Come Up Against Some Trouble? Learn How to Defend Yourself in Court
November 27 2019 - Did you know that an attorney can run you $100 to $400 an hour? You never expect to end up as the defendant
in a courtroom, but if you do, there are a number of situations where you can forego costly attorney's fees and represent yourself. Not sure how?
Read on to learn how to defend yourself in court!
It's Called Pro Se
When you represent yourself in court, it's called going pro se. Pro se is a Latin phrase that translates to "in one's own behalf."
Most US states guarantee their residents the ability to represent themselves in nearly all cases in state courts.
Just because the literal meaning of pro se means acting on your own behalf, it doesn't mean that there aren't options out there
for you. There are tons of resources available online, court forms, that'll take some of the guesswork out of self-representation. And if you
need a little extra help, there are pro se centers and law school legal clinics that can help you out.
Civil vs. Criminal
There are two types of law in the US: civil and criminal. Civil cases involve individual parties and, in some cases, may run
concurrently with a criminal case in order for the victim to receive monetary damages. Criminal cases involve violations of the law and local,
state, or federal government is always the plaintiff.
What does this matter? Well, different types of cases are heard in different types of courts, and each court has its own set of
procedures and rules. As a pro se litigant, you will be expected to know and follow the rules and procedures just like a lawyer would.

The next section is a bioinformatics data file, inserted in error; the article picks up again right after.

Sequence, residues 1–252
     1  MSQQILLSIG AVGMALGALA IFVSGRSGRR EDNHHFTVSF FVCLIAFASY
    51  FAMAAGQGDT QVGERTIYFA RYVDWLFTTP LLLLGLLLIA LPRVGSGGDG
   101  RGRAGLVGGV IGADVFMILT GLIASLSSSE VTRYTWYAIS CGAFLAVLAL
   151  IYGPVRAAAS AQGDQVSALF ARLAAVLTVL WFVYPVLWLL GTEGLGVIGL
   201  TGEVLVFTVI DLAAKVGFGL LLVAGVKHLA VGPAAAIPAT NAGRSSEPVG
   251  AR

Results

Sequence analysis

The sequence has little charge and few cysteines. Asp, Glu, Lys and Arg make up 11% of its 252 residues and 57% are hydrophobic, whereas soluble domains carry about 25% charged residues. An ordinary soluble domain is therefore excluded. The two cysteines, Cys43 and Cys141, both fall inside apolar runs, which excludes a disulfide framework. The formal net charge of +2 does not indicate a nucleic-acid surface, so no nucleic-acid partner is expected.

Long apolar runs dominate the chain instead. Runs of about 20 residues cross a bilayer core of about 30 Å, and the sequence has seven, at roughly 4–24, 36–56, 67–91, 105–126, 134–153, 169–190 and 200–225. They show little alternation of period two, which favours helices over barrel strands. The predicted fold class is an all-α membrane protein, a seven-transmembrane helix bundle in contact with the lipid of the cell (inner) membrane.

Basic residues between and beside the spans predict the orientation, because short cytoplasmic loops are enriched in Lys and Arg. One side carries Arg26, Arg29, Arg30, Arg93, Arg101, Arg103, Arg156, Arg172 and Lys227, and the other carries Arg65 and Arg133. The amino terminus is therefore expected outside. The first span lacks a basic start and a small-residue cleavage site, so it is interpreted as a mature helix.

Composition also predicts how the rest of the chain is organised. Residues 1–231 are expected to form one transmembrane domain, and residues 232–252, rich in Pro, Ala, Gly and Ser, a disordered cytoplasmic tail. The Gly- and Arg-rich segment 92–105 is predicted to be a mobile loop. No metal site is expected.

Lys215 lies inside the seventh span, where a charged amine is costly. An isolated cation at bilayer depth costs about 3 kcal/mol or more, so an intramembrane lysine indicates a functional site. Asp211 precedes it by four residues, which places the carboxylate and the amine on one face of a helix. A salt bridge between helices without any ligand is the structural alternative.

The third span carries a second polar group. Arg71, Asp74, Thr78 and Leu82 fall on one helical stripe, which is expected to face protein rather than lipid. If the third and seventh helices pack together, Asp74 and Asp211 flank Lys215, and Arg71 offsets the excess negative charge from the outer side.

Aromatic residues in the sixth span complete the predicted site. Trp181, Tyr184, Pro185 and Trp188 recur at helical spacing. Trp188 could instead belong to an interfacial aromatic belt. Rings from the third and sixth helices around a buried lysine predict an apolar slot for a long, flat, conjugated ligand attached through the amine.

This can be challenging but plan on relying on the clerk of the court to help you along. If you have a law library nearby that's
part of a state institution, you can also spend some time searching through their materials to give you a heads up.
Save It for Minor Infractions and Small Claims
Finally, you should always choose wisely when considering going pro se. If you're going to court for a felony charge it would
benefit you tremendously to consider hiring an attorney,
like these criminal defense lawyers, who know the ins and the outs of the court to
represent you in major criminal cases.
The same is true if you're being sued for large amounts of money. The bottom line is, attorneys spend three years in law school
learning how to practice law, and they spend even more time training outside of law school. If the case is important to you, it's best to have
Learning How to Defend Yourself in Court Is Complicated, but Not Impossible
The most important thing to know when you're learning how to defend yourself in court is when you should really opt for an attorney
instead. Going pro se is a great option for traffic tickets and even some divorces. But if you have a lot to lose, then it's best to spend the
money on representation.
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